Society & Lifestyle
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|by Shail Agrawal|
He can see her, as always, standing at the same spot near that window in the kitchen. A glass full of water, hung between her lips and hand, as if it has lost the way to her mouth. Omu felt like that himself, lost and confused, his casualty bag and stethoscope still clinging to his tired hands after a constantly busy night at hospital. That window, facing the back garden frames his mother now almost twenty hours a day every month of every single year. She was standing there at that same spot, her shoulders very tense, a tired nerve in her neck twitching frantically. Yes, she was upset ..It must be his wife, leaving the kitchen work top untidy or sink full of empties.
Silently Omu tiptoed, 'Mum, these azaleas are coming up nicely'. Before he could finish his sentence, to his utter horror, he noticed how sad and miserable she was ' just like those tired drooped flowers ' just a shadow of their last evening's glorious display. Those kittens have chewed them all. The pink and white cascading flowers, lush green leaves, everything gone and the flower bed was an ugly and dirty sight with a freshly done job. That fence of the garden on the right side, wasn't done, will never be done, for god knows last how many years. It was a stale mate between these two neighbors. And Mum's garden, a convenient , accessible play-ground for their bombarding footballs, their unruly cats and kittens and their foul irrigating litter. Or may be it was undone because it was simply planned that way.
Their neighbors were keen cat lovers. Four, five cats scraping in the house alongside with a rowdy robust teenager was their normal house hold. After all it is an animal loving nation and who could stop? Mum has put up with it all for a good long time, twenty years at least. Advancing age has made her a little bit more agitated now, lets say, less tolerant. Omu remembered when she was young, nothing used to upset her. Once fed up by these boisterous neighbors he complained,
That was mum, twenty years ago, taking every challenge in her stride. Fighting all alone in this big bad world with only a seven year old son by her side and enjoying every moment of it, defending each and every little bit of her own corner. But today she just turned around and said wearily, 'You know Omu , I'm going to take a shot-gun soon and shoot these nasty kittens. If I can't find a gun, I will strangle them with my bare hands. They are playing on my frayed nerves.' Omu noticed how her voice was still very soft and hands very delicate. It was just that steely determination in her greying eyes which had scared Dr Amiya Choudhary. 'You shouldn't get upset on such small matters Mum. Just tell me what is bothering you and what you want.'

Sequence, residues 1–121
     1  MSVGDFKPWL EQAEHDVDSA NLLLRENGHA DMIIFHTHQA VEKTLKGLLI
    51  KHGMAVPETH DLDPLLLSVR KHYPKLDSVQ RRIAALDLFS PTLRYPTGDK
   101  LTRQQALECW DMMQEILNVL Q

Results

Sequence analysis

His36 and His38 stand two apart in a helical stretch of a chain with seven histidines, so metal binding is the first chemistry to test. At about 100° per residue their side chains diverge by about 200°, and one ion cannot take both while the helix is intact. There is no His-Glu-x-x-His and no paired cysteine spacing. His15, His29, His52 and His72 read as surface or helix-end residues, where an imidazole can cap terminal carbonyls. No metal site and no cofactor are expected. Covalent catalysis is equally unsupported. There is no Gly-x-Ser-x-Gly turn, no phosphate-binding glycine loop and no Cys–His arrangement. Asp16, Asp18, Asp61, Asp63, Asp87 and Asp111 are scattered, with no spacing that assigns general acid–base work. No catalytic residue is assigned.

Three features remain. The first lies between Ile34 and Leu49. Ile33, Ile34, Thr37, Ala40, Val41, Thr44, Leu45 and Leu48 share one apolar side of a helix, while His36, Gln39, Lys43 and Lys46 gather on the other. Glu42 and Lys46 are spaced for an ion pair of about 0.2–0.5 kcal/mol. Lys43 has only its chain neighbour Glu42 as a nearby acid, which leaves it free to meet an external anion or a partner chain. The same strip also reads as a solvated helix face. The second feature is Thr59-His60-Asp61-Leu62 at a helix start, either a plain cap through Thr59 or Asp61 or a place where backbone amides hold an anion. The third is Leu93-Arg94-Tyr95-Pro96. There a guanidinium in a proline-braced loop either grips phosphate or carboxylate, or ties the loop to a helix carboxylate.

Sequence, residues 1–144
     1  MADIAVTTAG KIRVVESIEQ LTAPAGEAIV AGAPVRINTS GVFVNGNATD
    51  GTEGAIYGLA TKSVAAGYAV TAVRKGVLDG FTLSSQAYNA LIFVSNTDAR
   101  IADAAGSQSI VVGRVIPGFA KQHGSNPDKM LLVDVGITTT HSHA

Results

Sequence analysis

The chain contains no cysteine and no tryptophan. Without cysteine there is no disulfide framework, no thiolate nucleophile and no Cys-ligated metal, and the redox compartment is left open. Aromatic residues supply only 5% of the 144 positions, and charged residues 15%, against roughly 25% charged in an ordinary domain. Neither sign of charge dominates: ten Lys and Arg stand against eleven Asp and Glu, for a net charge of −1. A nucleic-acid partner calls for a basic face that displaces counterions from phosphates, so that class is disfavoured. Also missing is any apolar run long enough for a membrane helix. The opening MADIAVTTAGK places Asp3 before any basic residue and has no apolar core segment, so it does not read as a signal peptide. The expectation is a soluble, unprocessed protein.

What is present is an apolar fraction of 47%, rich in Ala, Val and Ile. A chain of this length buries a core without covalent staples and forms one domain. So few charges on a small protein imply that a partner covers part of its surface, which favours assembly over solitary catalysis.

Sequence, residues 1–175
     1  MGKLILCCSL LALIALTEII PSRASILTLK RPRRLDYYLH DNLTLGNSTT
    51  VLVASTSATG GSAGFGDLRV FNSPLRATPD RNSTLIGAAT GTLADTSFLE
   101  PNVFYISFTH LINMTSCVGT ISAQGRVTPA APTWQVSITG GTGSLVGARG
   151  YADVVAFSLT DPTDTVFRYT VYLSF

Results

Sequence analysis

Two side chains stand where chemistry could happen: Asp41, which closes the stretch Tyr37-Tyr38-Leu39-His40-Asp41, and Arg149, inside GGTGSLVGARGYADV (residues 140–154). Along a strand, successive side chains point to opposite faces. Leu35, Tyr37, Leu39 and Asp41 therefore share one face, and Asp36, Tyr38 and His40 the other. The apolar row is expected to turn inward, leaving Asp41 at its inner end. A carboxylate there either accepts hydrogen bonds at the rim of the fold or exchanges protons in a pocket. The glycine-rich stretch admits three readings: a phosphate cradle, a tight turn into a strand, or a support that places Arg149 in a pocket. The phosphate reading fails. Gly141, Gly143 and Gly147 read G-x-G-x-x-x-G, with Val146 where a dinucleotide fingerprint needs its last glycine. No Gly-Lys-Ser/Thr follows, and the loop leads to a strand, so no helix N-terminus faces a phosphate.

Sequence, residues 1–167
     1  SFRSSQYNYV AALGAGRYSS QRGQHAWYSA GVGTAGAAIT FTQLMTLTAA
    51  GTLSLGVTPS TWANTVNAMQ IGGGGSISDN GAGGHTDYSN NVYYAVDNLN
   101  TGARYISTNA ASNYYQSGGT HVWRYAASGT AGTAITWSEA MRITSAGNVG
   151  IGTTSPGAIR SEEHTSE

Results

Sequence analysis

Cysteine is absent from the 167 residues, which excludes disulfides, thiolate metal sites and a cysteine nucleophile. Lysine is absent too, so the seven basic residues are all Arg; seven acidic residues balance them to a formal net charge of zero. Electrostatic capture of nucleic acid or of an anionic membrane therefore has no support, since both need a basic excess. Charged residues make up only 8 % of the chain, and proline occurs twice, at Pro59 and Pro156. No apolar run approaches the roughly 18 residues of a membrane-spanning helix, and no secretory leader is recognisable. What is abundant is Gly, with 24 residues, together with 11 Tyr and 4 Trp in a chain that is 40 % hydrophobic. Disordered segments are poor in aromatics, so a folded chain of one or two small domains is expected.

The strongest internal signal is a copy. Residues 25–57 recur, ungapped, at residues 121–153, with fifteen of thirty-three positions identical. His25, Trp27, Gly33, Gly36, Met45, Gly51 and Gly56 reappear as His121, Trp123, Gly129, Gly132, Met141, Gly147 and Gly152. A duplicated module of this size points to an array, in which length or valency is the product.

Amiya felt a little helpless and inadequate but Mum always knew what he wanted. 'Don't worry, Mum ! Straight away I will ask Peter to put this fence up.' 'No', Mum's voice was stern , 'it is there job .It is their side of the fence. why should we incur this expense'. Omu exactly knew what she wanted. It was a declaration of war. The battle was on. Since when she has started counting these pennies?
She was brought up like a princess, lived like a princess. Only her loved ones took care of those financial side of the things. Money was never an end in her life. Only a means to make life more comfortable and enjoyable for her and everyone around her. Even rainy days could not have disturbed her calm because she always covered herself and everything she cared for, with a sturdy and thick umbrella of love. But things are different with Tara, she is a practical women. 'We need somebody strong and sensible like her in our family'. After Omu's repeated resistance, one day Mum just declared; 'Only Tara is going to be my daughter in law.'
Omu surrendered ' what else could he do, can not upset his Mum. Anyway it was Mum only, who took all the decisions for him. Knew exactly what is best for him, what he wanted or liked, -down from his necktie to food, music or even his friends and he was happy with his life. He even forgot about Kate who was exactly like his Mum and him in nature. Gentle, loving and always caring. Both he and Mum got along fine with her, just like a house on fire, infact even better then that. Then why did Omu let her go? Is it that bliss is always too hot to handle?